Madchester

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Madchester is a British music scene that developed in the Manchester area, England, towards the late 1980s and into the early 1990s. The music that emerged from the scene mixed alternative rock, psychedelic rock and electronic dance music. Artists associated with the scene included the Happy Mondays, the Stone Roses, the Inspiral Carpets, Northside, Paris Angels, 808 State, James, the Charlatans, and A Guy Called Gerald. At that time, the Haçienda nightclub was a major catalyst for the distinctive musical ethos in the city that was called the Second Summer of Love. Although the scene spawned several widely acclaimed acts, it has also been described by critic Penny Anderson of The Guardian as "the breeding ground for aggressively marketed mediocrity".[1]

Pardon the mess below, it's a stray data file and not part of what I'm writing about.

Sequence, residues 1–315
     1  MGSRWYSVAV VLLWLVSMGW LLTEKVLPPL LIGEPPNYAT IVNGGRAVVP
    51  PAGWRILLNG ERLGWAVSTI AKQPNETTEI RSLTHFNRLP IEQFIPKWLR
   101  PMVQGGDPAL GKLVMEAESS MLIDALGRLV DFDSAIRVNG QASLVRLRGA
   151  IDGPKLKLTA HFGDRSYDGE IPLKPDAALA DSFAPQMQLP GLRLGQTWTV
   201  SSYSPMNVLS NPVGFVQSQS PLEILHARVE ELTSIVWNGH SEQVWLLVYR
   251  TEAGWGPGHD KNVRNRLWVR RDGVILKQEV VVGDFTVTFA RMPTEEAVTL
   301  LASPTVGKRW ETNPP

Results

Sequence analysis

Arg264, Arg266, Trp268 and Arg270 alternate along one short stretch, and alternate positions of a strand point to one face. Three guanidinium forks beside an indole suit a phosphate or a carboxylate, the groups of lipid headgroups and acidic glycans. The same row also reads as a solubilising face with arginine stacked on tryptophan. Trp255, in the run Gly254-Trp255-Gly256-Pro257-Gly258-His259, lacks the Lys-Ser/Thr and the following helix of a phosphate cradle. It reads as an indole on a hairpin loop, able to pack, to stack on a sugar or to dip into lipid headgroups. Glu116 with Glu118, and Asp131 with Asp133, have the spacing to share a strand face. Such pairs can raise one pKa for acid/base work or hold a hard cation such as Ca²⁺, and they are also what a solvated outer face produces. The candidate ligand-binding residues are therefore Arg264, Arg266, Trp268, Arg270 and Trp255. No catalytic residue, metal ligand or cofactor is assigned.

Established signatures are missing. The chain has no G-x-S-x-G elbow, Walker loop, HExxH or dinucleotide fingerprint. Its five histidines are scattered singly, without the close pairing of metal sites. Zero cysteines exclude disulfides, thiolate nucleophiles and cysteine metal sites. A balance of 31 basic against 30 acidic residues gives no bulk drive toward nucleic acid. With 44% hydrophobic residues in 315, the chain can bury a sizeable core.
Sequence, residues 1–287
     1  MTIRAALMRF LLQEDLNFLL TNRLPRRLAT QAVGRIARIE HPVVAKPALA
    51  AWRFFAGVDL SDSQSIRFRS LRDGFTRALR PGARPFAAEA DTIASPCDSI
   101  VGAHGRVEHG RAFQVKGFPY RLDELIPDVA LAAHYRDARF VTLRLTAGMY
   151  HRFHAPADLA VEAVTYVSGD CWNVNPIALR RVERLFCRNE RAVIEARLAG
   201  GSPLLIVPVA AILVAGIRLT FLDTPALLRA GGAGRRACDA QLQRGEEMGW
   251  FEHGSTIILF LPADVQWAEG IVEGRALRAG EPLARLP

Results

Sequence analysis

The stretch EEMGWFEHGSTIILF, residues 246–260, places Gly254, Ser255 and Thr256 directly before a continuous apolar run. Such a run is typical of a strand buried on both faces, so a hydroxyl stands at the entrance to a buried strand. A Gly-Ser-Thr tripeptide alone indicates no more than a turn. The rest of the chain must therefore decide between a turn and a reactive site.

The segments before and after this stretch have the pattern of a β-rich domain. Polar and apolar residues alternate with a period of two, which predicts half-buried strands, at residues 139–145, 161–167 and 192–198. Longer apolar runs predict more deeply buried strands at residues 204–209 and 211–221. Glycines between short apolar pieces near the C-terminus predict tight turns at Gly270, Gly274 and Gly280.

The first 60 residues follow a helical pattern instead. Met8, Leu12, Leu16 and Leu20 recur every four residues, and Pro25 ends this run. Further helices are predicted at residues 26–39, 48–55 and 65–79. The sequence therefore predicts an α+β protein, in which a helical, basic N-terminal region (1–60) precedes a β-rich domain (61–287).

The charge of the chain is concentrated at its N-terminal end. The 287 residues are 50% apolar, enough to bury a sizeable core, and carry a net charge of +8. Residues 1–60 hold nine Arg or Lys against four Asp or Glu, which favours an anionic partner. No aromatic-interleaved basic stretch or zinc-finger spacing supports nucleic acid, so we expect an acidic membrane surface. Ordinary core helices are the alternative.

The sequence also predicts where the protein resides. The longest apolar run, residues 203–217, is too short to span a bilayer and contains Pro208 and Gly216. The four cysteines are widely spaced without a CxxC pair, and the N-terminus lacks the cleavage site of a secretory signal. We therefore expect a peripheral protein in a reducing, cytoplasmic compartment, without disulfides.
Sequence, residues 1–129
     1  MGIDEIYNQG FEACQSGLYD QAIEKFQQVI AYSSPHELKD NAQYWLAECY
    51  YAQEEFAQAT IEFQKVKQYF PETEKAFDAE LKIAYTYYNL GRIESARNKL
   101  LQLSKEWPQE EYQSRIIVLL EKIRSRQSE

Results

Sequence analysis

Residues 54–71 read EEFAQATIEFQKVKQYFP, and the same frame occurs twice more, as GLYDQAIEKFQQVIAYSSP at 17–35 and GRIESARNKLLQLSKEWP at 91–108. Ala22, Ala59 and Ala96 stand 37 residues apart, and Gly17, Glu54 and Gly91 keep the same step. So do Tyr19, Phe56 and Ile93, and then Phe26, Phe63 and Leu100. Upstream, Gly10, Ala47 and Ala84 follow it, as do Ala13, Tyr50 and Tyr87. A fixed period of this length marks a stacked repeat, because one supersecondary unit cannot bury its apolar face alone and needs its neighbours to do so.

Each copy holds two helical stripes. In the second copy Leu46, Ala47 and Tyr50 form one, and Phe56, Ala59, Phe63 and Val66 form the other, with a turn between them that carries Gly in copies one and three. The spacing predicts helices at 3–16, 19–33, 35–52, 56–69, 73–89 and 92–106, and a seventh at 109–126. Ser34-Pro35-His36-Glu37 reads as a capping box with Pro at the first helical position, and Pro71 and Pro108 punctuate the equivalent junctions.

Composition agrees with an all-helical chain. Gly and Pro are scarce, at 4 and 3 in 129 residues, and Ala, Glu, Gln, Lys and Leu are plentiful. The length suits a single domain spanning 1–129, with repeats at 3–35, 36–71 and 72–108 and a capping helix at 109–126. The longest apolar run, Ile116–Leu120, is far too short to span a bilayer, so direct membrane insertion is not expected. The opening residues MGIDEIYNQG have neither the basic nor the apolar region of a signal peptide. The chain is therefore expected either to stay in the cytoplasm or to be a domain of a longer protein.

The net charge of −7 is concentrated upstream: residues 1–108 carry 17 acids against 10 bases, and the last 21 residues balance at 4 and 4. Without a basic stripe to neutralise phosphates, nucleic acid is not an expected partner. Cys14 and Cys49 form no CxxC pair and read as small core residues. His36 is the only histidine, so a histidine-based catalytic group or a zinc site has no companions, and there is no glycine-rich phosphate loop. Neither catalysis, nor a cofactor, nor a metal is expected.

Pre-Madchester[edit]

The music scene in Manchester immediately before the Madchester era had been dominated by The Smiths, New Order, and The Fall. These bands were to become a significant influence on the Madchester scene.

The opening of the Haçienda nightclub, an initiative of Factory Records, in May 1982 was also influential in the development of popular culture in Manchester. For the first few years of its life, the club played predominantly club oriented pop music and hosted gigs from artists including New Order, Cabaret Voltaire, Culture Club, the Thompson Twins and the Smiths. It had DJs such as Hewan Clarke and Greg Wilson and switched focus from being a live venue to being a dance club by 1986.[2] In 1987 the Hacienda started playing house music with DJs Mike Pickering, Graeme Park and "Little" Martin Prendergast hosting the Nude night on Fridays.[3]